Saturday, 23 February 2013


There's been some bonny sunsets recently.

Sunset over Bennachie.

 Aberdeen Harbour


 Back to Bennachie again. Typically some of the best sunsets over the last 2 weeks have been when I haven't had a camera handy, and the best views of the sun setting over Bennachie are from a point on the road home where there's nowhere to stop. It's been great to see such lovely sunsets though.

Saturday, 16 February 2013

Blowing the cobwebs away

For a whole variety of reasons I've hardly been out and about in the countryside, and I've missed it. Last weekend I was finally feeling remotely fitter (that is, fitter as in healthier, most definitely not fit though, in fact I'm now probably the most unfit I've ever been in my life) so it was defnitely time to get out and about and blow the cobwebs away.

We decided to visit Rattray Head, although if we'd known how much worse the track there had got over the past few months since I was last there, we might have thought twice about it! It's a fantastic place - but some of the potholes are now so large they're actually the road!! And due to all the snow and rain recently, in a couple of places it was as if you were driving through a small lochan - with no idea of the depth! It's a real pity that the road has been allowed to get into such a state, as it will put people off visiting - unless they have a vehicle suitable for off roading (which we definitely don't)!

It was a beautiful day and we enjoyed walking along the beach.

There was lots of kelp washed up, presumably from the recent storms. There was lots of marine litter too - more on that here.

The ever changing light was great for photography at times, though challenging at times too.

The wind blown patterns both in the dunes and on the beach itself were really interesting.

The tangled roots of marram grass are binding the dunes together, trying to hold the sand in against the strength of the recent winds.
The light was great - this is the first time I've actually found the St Fergus gas terminal photogenic!
The phrase "Middle Earth" did cross my mind though...

A lovely day out.

Dull but definitely not boring

As part of my prize weekend, we also got taken on an off-road landrover safari in the Perthshire hills. It was fantastic! The guide was excellent - really very knowledgeable about pretty much every aspect: the wildlife, landscape, local industry and local history.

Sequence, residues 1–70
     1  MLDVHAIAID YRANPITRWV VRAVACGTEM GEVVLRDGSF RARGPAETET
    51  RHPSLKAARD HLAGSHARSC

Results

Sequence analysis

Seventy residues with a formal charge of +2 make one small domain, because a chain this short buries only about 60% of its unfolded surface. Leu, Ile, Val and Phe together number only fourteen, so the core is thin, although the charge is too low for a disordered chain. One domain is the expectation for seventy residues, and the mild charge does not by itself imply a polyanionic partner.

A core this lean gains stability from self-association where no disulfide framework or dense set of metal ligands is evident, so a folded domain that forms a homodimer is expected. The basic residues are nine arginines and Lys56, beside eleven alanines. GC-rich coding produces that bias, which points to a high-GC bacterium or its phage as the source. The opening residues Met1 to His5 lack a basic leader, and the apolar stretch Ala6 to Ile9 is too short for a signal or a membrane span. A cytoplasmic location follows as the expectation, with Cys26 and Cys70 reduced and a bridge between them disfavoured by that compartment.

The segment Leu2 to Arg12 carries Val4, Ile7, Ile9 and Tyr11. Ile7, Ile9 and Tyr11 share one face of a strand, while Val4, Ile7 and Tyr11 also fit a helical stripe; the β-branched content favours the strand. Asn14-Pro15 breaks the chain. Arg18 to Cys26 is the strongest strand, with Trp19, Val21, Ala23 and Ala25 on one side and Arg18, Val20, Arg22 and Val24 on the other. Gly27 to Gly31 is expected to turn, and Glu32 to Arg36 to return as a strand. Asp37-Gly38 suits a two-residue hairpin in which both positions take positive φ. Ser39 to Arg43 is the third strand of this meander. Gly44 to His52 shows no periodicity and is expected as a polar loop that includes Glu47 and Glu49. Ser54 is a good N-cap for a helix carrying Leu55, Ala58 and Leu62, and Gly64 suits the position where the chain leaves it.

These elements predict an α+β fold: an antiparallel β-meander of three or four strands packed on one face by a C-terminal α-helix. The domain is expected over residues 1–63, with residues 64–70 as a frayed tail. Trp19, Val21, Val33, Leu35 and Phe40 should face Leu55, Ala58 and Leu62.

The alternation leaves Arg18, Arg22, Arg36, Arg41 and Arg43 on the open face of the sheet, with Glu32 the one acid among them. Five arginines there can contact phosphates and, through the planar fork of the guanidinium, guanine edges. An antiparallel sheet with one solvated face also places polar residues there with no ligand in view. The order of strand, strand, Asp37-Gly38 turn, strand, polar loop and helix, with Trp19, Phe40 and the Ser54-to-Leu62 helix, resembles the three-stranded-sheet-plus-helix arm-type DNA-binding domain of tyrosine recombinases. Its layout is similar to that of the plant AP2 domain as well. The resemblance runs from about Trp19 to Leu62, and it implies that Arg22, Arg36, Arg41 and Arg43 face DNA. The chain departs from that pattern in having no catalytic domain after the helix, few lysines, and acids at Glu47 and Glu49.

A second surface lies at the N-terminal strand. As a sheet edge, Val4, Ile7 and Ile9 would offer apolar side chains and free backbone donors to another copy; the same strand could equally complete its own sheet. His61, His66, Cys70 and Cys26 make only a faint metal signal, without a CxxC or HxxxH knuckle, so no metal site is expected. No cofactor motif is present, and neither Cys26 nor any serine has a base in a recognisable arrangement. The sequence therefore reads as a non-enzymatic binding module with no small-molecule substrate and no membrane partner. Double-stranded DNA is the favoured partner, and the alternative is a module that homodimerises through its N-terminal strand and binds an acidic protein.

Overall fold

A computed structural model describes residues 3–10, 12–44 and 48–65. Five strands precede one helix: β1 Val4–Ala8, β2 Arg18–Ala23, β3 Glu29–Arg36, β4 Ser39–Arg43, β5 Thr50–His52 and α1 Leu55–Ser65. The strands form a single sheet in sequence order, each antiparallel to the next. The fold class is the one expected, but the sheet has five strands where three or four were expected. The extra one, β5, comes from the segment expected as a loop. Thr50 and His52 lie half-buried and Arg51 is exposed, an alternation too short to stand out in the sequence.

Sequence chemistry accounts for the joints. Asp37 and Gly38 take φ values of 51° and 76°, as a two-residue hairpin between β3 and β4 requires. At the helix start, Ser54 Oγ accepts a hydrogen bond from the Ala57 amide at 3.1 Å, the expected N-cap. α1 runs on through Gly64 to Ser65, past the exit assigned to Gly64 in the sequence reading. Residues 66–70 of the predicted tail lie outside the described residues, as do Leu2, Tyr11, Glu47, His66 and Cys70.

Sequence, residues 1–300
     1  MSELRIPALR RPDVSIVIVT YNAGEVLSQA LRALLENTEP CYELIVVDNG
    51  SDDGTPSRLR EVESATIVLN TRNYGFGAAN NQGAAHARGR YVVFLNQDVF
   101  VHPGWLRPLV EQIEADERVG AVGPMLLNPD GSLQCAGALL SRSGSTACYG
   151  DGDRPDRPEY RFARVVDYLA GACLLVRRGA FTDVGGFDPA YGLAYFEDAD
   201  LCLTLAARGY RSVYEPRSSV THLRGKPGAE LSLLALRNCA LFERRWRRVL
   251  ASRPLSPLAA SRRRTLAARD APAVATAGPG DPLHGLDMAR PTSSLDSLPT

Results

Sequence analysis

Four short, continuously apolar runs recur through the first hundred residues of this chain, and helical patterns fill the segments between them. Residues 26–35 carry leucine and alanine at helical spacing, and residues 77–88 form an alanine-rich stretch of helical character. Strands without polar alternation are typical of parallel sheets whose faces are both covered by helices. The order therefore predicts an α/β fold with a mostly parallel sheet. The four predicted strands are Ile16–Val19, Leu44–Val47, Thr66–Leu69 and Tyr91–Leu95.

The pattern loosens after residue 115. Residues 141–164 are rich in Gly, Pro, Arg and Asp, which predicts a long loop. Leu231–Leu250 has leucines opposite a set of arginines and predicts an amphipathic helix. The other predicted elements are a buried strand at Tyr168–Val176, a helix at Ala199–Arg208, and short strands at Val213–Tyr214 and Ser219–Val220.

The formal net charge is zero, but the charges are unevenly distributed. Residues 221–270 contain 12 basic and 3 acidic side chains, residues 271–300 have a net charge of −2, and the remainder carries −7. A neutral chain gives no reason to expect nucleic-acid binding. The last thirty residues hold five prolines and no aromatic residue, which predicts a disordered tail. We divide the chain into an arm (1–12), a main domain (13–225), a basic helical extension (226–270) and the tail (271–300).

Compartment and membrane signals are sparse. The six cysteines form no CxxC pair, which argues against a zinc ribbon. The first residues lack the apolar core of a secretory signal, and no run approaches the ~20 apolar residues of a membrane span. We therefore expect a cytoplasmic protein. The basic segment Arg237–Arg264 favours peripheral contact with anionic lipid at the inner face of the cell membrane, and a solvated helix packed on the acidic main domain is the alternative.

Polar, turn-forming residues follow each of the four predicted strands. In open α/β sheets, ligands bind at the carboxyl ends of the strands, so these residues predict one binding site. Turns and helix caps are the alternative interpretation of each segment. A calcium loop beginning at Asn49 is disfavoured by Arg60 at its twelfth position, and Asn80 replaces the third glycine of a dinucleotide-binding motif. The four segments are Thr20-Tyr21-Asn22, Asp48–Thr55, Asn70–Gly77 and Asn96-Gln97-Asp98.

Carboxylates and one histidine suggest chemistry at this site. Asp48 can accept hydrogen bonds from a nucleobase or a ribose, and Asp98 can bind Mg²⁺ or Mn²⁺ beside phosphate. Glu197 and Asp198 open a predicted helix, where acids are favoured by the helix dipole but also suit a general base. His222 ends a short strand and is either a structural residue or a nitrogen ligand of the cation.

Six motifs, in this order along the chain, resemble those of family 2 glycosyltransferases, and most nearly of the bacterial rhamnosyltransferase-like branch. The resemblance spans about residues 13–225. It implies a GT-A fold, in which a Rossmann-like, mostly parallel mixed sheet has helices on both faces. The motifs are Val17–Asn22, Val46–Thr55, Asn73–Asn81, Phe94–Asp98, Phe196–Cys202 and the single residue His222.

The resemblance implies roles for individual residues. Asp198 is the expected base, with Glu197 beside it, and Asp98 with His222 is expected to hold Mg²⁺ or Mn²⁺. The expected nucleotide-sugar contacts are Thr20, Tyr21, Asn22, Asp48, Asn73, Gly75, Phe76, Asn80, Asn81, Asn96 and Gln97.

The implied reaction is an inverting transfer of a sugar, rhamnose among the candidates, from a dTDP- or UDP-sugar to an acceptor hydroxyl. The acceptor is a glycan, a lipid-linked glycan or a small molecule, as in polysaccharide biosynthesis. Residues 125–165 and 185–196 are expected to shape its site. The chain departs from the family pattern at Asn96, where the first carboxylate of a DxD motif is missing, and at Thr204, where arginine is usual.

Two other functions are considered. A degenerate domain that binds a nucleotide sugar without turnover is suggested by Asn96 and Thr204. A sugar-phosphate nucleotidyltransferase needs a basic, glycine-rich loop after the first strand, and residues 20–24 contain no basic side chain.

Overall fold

It was a beautiful day, though cold, and the views of the surrounding hills were really clear. Schiehallion really stood out, but we had great, clear views in every direction.

Highland Safaris provided binoculars and had a spotting scope too, which made all the difference to being able to get great close-up views of the wildlife.

We were lucky enough to see the red deer rut. You could hear the roar of the stage from a fair distance away, and we saw several large groups of deer and 3 stags. We didn't witness any real fighting though, as one of the stags seemed to see off another by just taking a few steps towards it.

We also saw several mountain hares, just starting to get their winter coats.

Our lunch was provided as part of the prize too, and we had it up in the hills in a small sort of bothy/hut. Lunch was excellent - hot soup, sandwiches, biscuits, fruit, crisps and a wee dram to wash it down with and give us some central heating, which was much appreciated as it was cold to be standing still outside for long periods watching the wildlife, and even when we were driving we had all of the windows open to make wildlife spotting and photography easier.

When we got back to the safari centre, we would happily have spent time looking around as they had a small deer herd, wildlife garden, cafe, gift shop and more, but we had to head off as it was already almost 5pm and we still had a long drive home.

Several hours driving in the dark on narrow, potentially icy roads was well worth it though to have spent such a nice weekend in Perthshire. Roll on the next one!

Friday, 15 February 2013

Prize weekend

I was lucky enough to win a weekend in Perthshire in a magazine competition, and we had a lovely weekend in Pitlochry in the autumn.

The B&B was fantastic and we definitely plan to stay there again - great rooms, friendly hosts and a fantastic breakfast.